The Summer Schools have been one of the centre-pieces of the AEGIS calendar for some years now. The 2014 event, organized by Affrica-Centre of African Studies in Sardinia, was the first such school to be held outside of Cortona. In the end, it was everything one could have hoped for and more. The School brought 20 students and 8 staff to Cagliari, with participants from AEGIS Centres in Bayreuth, Birmingham, Bologna, Bordeaux, Copenhagen, Edinburgh, Lisbon, London, Mainz, Naples and Roskilde; as well as participants from non-AEGIS institutes in Berlin, Zurich, Maseno University, Nairobi, Dar es Salaam and the Free State. Africa was represented by participants from Kenya, Ghana Ethiopia, Tanzania and Zimbabwe were drawn from both AEGIS and non-AEGIS Centres.
The theme of the Summer School was “Mobilisation and the State in Africa: Multiple Spaces for Political Action”. Given the association of Antonio Gramsci with Cagliari, and the location of his former school at a stone’s throw from the venue, the setting could not have been more appropriate. The range of disciplinary interests that was reflected in this group, spanning Political Science, History, Geography, Linguistics and Development Studies, was part of what made the exchange especially fruitful. For veterans of these Summer Schools what was striking was the excellent quality of the presentations. The format of combining staff and student discussants worked very well, striking the right balance between intellectual critique and supportive encouragement. At this event, staff made their own contributions through participation on thematic roundtables. A special roundtable on “Human Rights and Homophobia“, and the screening of “God Loves Uganda” was organized in association with an LGTB association in Cagliari and brought in a wider audience.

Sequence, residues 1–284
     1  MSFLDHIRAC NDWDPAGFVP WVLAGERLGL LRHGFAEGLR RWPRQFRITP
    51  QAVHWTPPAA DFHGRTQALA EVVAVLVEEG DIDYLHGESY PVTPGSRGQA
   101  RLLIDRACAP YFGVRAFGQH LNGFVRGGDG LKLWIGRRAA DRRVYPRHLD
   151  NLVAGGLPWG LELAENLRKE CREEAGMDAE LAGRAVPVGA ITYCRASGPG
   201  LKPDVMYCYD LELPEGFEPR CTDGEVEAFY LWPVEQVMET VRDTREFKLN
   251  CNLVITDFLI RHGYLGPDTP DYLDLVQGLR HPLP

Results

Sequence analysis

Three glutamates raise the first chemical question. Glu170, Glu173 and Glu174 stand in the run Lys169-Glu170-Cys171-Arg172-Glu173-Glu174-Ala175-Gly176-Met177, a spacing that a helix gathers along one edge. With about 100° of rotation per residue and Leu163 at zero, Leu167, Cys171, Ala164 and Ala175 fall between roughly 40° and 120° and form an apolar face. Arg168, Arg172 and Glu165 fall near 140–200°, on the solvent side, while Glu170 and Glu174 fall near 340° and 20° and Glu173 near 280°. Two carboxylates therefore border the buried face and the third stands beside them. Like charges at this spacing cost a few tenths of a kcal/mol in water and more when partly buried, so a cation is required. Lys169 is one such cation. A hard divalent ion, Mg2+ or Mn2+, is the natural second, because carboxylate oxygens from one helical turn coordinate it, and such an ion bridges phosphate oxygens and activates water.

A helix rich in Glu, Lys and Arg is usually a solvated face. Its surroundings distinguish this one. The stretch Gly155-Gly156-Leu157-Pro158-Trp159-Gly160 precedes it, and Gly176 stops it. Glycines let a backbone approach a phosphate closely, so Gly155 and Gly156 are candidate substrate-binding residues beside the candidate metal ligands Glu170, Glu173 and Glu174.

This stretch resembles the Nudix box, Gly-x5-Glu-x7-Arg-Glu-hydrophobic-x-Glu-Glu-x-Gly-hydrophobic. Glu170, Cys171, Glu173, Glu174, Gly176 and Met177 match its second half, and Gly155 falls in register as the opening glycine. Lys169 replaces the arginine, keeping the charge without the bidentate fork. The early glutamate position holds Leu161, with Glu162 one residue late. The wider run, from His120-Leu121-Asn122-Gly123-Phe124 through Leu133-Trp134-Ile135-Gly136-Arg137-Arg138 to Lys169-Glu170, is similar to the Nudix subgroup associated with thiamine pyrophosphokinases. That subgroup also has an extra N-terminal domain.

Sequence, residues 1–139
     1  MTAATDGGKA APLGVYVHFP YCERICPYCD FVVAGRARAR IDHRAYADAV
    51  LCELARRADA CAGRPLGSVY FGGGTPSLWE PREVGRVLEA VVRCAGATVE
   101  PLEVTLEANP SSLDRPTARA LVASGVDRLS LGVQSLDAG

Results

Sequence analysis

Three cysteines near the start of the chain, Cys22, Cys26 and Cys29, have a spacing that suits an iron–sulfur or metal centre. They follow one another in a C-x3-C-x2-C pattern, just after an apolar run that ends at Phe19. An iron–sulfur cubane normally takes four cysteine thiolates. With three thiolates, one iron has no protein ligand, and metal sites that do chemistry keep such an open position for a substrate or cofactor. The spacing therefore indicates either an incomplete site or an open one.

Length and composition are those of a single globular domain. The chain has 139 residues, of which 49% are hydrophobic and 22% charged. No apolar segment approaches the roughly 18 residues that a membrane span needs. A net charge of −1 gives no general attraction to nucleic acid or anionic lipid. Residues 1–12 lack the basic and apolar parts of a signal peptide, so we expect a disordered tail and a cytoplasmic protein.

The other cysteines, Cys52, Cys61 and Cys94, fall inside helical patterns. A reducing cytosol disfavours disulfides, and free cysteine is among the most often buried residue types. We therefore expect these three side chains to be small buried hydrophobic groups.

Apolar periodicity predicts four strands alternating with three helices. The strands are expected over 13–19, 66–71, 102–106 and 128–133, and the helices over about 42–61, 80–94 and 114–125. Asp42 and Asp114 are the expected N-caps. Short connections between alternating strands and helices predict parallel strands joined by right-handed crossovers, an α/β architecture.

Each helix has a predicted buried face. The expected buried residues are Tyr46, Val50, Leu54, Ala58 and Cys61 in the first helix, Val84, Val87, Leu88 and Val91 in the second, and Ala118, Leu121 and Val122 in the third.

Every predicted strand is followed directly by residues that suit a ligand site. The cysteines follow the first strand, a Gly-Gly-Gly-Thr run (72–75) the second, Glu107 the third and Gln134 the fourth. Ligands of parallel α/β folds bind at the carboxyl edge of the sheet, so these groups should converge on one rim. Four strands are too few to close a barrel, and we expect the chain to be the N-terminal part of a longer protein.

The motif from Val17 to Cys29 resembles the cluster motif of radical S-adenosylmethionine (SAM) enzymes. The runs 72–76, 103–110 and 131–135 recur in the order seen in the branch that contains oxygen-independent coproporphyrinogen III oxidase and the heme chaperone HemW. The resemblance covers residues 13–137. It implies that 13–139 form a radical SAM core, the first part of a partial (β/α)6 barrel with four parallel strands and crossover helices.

Cagliari provided the perfect setting for the Summer School. It was small enough to feel intimate, but also large enough for participants to find interesting things to do in the leisure hours. The summer sun, spectacular views, chilled vermentino and bottarga somehow fused with civil service reform, urban planning and agrarian conflicts in a manner of which Flann O’Brien would have been proud. Of course, there was ample time for fun and games: who can forget the entombment of William at Poetto beach, Barbara’s abs, the dirty dancing of Jamilla with the local Carabinieri or the spirited rendition of Bella Ciao by the Italian contingent? And then there was all the other stuff: Amanda still couldn’t hear, hybridity was banned, fresh variations of the Gramsci tee-shirt kept appearing and Van Schmee’s concept of ‘localography‘ was repeatedly invoked. It made for the perfect week, and all of it was faithfully captured by the AEGIS artist-in-residence, Manuel. Thanks again to the Cagliari team – Isabella, Michele, Filippo, Marisa and Bianca – for organizing such a memorable event – and the Fondazione Banco di Sardegna.